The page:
Product Offer can range firm the Generic to the Potential
1. The generic product
2. The branded product
3. The differentiated product
4. The customized product
5. The augmented product
6. The potential product
The generic product: The Generic product is the unbranded and undifferentiated commodity like rice, bread, flour, or cloth. Here, the product does not have an identity through a name and is not linked to any one maker or owner.
The branded Product: The branded product gets an identity through a ‘name’. Lalkhila Basmati rice, Modern bread, and Annapurna atta are branded products.
The differentiated Product: The differentiated product enjoys further distinction from other similar products / brands in the market. The marketer endows his brand with some special attributes / qualities and claims uniqueness for his offer. The differentiation claimed may be ‘tangible’ with a distinction on ingredient, quality, utility or service. It may also be intangible or ‘psychological’ highlighted by subtle sales appeals.
Maggi noodles, and Dettol soap examples of differentiated products with tangible differentiation. Maggi claims a tangible distinction over other brands of noodles. It is ready in two minutes and involves very little cooking. It is available with different ‘taste makers’ for the vegetarian and the non-vegetarian users. The differentiation is tangible and rests on the planks of convenience and variety. Among bath soaps Dettol is differentiated on the basis of its ability to provide total protection from germs.
The scope for differentiation is immense and to win over customers firms seek higher levels of differentiation through customizing and augmenting of the product.
The customized Product: A product that is adapted to the requirements of the individual customer is a customized product. Today, many products coming from the IT and telecom industries have large degree of customization built into them. For example, the telephone ‘knows’ which language a given user would like to use while calling a long distance operator. It will also allow him to create a distinctive ring so that his best friend knows that he is calling. And, it can also recognize his most frequently called numbers, not just by numbers, but by name as well.
The Augmented Product: The augmented product is the result of voluntary improvements brought about by the manufacturer in order to enhance the value of the product. The firm goes beyond all expectations of the consumers. It finds out through market research how the value of its product can be enhanced. Using the insights so gathered the firm augments the product by adding extra features and functions to it.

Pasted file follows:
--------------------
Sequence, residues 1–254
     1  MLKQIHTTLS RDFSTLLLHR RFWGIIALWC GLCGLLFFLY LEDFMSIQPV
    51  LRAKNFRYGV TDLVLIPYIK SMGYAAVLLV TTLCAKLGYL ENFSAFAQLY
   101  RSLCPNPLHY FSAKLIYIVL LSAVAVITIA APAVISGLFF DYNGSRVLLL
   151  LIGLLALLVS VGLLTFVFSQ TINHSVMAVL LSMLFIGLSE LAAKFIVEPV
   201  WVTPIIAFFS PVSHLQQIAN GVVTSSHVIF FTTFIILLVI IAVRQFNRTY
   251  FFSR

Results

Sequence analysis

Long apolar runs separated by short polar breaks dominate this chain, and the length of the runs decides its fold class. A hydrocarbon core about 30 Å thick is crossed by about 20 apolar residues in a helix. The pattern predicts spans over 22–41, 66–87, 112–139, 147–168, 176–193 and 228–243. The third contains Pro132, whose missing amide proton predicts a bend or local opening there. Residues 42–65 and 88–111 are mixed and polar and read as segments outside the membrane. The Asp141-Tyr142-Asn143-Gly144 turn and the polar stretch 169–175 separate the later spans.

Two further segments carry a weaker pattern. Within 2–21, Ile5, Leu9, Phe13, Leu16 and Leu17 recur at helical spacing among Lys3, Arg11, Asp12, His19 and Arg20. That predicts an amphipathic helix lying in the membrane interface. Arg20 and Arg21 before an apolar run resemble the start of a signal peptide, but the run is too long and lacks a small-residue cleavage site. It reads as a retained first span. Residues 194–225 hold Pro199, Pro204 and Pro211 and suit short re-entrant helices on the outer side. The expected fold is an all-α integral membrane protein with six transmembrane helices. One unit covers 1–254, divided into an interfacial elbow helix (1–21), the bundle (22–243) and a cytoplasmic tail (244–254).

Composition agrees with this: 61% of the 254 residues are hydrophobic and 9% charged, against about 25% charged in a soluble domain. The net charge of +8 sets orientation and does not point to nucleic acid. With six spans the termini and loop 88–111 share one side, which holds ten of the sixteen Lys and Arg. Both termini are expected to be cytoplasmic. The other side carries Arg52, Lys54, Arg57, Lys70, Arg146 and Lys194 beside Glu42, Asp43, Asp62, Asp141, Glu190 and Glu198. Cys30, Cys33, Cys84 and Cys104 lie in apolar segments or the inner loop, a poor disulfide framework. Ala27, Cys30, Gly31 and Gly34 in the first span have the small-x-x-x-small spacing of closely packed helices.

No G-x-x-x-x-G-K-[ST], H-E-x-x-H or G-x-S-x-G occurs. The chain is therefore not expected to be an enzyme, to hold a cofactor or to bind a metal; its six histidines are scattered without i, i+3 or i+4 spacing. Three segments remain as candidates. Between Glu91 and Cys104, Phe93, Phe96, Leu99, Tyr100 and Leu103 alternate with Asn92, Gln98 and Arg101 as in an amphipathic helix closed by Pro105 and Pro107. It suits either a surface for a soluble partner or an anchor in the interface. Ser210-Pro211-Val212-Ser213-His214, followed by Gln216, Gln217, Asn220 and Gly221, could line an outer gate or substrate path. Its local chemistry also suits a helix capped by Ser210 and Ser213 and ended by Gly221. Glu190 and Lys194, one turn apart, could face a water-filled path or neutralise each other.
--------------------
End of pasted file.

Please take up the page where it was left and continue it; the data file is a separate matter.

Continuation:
Examples off augmented products: Titan, added protective packing to its alarm clocks and claims “Here is a travel clock with a protective shutter. Available in 3 dial options and 4 elegant colors”. Aristocrat introduced suitcases with wheels. The wheel was an extra facility an augmentation to the luggage. Instead of lifting and carrying the suitcase the user could now pull it on its wheels. Hindustan Motors augmented its Ambassador car and offered the Ambassador 1800 ISZ, incorporating into the car, the 1817 cc, 74 HP, Isuzu engine, 5 synchromesh gears with an overdrive, power assisted brakes progressive suspension diaphragm clutch, a new dash board and bucket seats. The augmentation translated into faster pick up, greater speed, sure stopping and greater comfort.
Companies resorting to the product development route in their marketing strategy are basically in the game of continuous augmentation of products.
The potential Product: The potential product is ‘tomorrow’s product’ carrying all the improvement and finesse that is possible under the given technological economic and competitive conditions. For example, today, a robot available for domestic help can be considered a potential product. In actual practice, development of potential products is the forte of big companies since heavy resources are required for this task.